Folk & Traditional Music of the Western Continents

The folk & traditional music of Europe, Africa & the Americas explored.

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Africa, but has simpler forms and instruments. It contains a good deal of music performed with the hocket technique, as does the Pygmy sub-area of Central Africa, which is also characterized by the presence of a vocal technique similar to yodeling.
We have been describing those aspects of African Negro music which seem to have developed without influence from other cul­tures, or of which Africans have made a specialty. But outside influ­ence is not just a recent phenomenon in African music. Thus, it shares some traits with European folk music, indicating perhaps a period of contact many centuries ago. The contact with Indonesian music seems likely, and the influence of the Near East and possibly of India is ancient and has increased greatly in the last few centuries. Western culture has also played a part for centuries and has grown especially in the last hundred years. Thus we find African music now —and it has probably always been this way to a degree—in a state of change, and it is both difficult and perhaps useless to try to single out unchanged elements. On the contrary, it behooves us to observe the changes as they take place, for this is the way to study music as a living phenomenon. We find that some tribes have almost completely changed to music in a Near Eastern style. We find that others have retained, in part, a repertory of uninfluenced African music but have added to it songs in an Arabic style; this is true of the Watusi, who have solo drumming of a kind unknown in the Near East, but who also have songs strongly reminiscent of Arabic music. We find North and Latin American popular songs known in tribes that otherwise perform aboriginal songs. And we find that because of the improve­ment of communication and transportation as well as through the growth of unified African nations on a supratribal level, African tribal groups are learning more from each other, musically and otherwise, than they did before. Finally, we find African composers of popular song fashioning music in the Western styles, but subtly retaining certain African elements. Surely Negro Africa will remain, as it has been in the past, musically one of the most fascinating re­gions of the world.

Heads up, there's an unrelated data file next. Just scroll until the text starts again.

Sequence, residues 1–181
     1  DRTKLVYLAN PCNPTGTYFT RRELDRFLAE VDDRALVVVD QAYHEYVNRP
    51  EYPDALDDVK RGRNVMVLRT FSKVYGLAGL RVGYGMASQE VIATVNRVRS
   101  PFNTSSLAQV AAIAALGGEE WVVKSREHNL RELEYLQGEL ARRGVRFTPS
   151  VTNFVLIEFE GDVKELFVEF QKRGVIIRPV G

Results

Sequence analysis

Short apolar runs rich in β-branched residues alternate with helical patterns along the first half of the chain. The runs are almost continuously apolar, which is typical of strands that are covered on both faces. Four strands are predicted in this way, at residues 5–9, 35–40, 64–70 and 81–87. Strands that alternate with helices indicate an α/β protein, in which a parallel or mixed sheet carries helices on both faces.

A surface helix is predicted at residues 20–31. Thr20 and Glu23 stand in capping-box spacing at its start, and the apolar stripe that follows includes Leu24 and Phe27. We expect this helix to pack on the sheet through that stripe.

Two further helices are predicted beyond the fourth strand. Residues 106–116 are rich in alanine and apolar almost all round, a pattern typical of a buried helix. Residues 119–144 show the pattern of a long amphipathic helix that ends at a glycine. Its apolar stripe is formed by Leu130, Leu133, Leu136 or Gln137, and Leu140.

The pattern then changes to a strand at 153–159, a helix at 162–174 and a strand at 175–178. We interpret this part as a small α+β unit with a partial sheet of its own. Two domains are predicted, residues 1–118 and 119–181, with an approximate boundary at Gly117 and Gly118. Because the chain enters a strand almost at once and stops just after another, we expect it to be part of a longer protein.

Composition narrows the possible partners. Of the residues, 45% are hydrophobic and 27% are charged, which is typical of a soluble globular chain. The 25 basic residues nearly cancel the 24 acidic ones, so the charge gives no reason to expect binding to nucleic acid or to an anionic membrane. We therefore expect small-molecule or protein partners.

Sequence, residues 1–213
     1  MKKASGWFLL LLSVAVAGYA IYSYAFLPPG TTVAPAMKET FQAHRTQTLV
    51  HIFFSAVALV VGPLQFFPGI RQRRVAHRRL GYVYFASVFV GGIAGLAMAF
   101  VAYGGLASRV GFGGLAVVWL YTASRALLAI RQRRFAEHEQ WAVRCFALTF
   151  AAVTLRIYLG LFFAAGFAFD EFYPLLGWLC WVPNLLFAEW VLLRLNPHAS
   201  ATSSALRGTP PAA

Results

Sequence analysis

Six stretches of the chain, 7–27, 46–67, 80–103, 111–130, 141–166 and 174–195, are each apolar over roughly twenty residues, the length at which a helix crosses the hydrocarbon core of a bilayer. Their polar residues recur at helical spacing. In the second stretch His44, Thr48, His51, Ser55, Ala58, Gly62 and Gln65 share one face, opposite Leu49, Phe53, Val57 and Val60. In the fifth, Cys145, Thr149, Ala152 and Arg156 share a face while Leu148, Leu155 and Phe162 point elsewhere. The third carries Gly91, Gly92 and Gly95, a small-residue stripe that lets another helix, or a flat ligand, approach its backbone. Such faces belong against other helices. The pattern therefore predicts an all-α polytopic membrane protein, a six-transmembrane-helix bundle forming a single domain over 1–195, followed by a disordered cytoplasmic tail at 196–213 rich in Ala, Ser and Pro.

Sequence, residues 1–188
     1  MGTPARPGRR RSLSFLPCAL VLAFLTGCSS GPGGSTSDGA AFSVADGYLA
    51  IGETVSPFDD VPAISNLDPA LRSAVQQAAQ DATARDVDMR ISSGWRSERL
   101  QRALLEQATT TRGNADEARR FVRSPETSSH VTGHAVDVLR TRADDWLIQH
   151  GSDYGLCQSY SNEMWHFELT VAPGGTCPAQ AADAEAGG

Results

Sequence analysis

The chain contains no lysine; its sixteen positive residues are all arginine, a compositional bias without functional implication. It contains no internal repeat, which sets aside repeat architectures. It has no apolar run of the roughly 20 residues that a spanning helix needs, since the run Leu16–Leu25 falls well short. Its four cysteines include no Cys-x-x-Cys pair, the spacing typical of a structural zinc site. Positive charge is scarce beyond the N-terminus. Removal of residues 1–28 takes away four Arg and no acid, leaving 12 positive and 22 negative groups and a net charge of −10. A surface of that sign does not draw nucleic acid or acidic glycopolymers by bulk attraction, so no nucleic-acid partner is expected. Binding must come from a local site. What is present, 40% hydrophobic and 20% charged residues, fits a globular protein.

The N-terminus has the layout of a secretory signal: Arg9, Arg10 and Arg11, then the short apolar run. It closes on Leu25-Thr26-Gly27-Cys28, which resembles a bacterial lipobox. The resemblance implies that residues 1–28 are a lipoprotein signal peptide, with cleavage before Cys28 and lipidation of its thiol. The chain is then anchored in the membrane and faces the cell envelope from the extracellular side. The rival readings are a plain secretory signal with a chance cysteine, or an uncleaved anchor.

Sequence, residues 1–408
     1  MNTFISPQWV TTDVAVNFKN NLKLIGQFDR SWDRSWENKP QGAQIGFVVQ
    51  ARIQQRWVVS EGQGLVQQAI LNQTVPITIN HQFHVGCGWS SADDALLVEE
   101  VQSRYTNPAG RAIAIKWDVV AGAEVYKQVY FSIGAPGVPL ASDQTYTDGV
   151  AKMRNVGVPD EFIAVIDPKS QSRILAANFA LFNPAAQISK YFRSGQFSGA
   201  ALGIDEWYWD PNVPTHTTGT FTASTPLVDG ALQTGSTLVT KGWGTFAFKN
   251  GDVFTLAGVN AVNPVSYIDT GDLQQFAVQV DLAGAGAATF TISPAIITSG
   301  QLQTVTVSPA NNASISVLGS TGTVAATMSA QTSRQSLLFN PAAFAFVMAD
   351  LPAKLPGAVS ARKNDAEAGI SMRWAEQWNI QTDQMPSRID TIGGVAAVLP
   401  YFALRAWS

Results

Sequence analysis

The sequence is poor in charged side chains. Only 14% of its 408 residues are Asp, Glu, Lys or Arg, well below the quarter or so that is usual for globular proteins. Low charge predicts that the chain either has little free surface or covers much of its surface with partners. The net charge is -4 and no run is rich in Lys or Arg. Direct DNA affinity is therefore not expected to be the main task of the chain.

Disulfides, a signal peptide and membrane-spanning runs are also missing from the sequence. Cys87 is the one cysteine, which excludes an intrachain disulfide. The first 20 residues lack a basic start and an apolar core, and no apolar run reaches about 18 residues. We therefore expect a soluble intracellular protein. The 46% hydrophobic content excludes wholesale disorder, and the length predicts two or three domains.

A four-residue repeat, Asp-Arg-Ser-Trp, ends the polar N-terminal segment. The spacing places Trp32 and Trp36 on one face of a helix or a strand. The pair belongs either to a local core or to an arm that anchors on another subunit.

Bibliography and discography
Several publications by Alan P. Merriam discuss sub-Saharan Af­rican music as a unit: "African Music" in Continuity and Change in African Cultures edited by William J. Bascom and Melville J. Herskovits

E-Book - An Annotated Compendium of Old Time American Songs by James Alverson III